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Adm. Sci., Volume 8, Issue 1 (March 2018)

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Open AccessFeature PaperArticle Ascending: An Exploration of Women’s Leadership Advancement in the Role of Board of Trustee Chair
Adm. Sci. 2018, 8(1), 7; https://doi.org/10.3390/admsci8010007
Received: 20 December 2017 / Revised: 20 February 2018 / Accepted: 9 March 2018 / Published: 14 March 2018
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Abstract
While women have made strides in leadership in the higher education sector there continues to be dismal representation of women in executive level roles of governance at colleges and universities. This article presents findings from a study that explored skills that women have
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While women have made strides in leadership in the higher education sector there continues to be dismal representation of women in executive level roles of governance at colleges and universities. This article presents findings from a study that explored skills that women have identified as being useful in their ascent to the role of trustee board chair. The ascension patterns of the participants are explored through a qualitative process to provide a path to success for other women to follow. The article concludes with suggestions for increasing the number of women serving in the capacity of board chair. Full article
Open AccessArticle Firm Readiness Level for Innovation Projects: A New Decision-Making Tool for Innovation Managers
Adm. Sci. 2018, 8(1), 6; https://doi.org/10.3390/admsci8010006
Received: 5 January 2018 / Revised: 16 February 2018 / Accepted: 7 March 2018 / Published: 11 March 2018
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Abstract
Innovation projects represent a major challenge for business managers due to their associated uncertainty degree. The already existing methodologies to support the innovation projects are aimed at piloting them and establishing the management stages in a flexible and agile way during their deployment.
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Innovation projects represent a major challenge for business managers due to their associated uncertainty degree. The already existing methodologies to support the innovation projects are aimed at piloting them and establishing the management stages in a flexible and agile way during their deployment. This paper proposes a complementary ex-ante methodology that seeks to aid the decision-making of companies to choose whether or not to launch a potential innovation project. This methodology evaluates to what extent the technological system of the company has the minimum required maturity degree of competencies to successfully achieve the innovation project. Thus, in first instance, an innovation project is characterized according to its novelty degree; both inside the company and in its environment. Subsequently, according to the previous characterization, the future project will have an impact on the technological system of the company. The capabilities of the firm are represented by a set of good practices associated with the innovation projects’ management that the company is able to deploy. Finally, the minimum maturity degree required by a particular project of these practices is determined. Then, the gap between the maturity requirement profile and the current profile of the company is established enabling to decide on the implementation of the project or not. Full article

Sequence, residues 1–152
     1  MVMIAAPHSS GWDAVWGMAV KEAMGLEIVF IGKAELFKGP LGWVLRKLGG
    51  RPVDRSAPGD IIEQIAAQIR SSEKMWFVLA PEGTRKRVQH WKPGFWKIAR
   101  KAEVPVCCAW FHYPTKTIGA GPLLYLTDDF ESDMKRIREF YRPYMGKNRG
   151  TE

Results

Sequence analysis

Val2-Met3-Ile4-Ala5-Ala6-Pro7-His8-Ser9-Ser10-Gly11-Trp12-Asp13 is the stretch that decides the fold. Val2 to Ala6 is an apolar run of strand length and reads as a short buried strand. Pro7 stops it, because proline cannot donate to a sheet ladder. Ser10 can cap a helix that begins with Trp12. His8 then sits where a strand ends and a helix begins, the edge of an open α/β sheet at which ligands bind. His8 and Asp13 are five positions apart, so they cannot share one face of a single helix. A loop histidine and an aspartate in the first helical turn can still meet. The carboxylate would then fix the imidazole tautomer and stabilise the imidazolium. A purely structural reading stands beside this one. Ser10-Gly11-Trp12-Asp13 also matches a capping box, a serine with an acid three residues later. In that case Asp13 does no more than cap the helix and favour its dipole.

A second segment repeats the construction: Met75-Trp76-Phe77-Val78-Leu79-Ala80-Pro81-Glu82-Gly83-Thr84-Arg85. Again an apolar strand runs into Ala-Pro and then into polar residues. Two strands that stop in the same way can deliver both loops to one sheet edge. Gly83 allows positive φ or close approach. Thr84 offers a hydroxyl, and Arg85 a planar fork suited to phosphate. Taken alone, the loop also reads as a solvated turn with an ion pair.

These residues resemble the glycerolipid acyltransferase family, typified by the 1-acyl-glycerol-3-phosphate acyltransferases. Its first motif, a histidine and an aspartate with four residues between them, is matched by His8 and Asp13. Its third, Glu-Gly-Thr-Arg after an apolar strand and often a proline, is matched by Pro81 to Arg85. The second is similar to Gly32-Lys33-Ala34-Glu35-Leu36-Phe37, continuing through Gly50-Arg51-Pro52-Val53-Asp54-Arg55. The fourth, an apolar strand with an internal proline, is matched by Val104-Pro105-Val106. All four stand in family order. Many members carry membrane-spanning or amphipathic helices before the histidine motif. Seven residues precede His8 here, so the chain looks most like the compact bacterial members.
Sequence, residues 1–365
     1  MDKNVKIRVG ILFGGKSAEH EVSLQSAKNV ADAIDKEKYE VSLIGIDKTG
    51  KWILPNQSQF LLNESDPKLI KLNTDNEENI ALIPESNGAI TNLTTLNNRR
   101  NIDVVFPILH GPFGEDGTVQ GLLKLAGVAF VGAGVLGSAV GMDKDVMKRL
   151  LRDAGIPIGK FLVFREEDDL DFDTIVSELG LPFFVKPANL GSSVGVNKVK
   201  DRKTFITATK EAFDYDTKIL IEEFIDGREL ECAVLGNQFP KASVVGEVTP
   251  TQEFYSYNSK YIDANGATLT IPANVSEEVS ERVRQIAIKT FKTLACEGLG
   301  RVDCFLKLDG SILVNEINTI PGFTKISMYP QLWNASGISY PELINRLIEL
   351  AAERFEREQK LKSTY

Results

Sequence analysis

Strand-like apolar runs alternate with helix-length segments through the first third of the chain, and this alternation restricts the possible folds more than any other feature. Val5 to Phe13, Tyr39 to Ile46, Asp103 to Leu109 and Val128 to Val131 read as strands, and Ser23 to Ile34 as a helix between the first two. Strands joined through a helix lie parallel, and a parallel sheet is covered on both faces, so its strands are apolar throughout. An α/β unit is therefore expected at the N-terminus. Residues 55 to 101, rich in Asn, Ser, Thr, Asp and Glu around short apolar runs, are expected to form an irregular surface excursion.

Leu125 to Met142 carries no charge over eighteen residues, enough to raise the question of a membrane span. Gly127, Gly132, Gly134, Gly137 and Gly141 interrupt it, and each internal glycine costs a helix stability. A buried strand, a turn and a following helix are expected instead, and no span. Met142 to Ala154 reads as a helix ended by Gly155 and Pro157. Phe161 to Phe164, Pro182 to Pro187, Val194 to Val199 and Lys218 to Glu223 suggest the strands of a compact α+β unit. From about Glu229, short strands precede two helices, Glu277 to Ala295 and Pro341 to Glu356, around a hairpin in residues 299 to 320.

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Open AccessFeature PaperArticle Frank and Fearless: Supporting Academic Career Progression for Women in an Australian Program
Adm. Sci. 2018, 8(1), 5; https://doi.org/10.3390/admsci8010005
Received: 20 December 2017 / Revised: 10 February 2018 / Accepted: 22 February 2018 / Published: 27 February 2018
Cited by 1 | PDF Full-text (540 KB) | HTML Full-text | XML Full-text
Abstract
The underrepresentation of women in senior positions continues to be a major challenge in higher education and most other industries. In Australia, the career trajectory for academic women stalls at a lower level than that of their male counterparts. Concern about this situation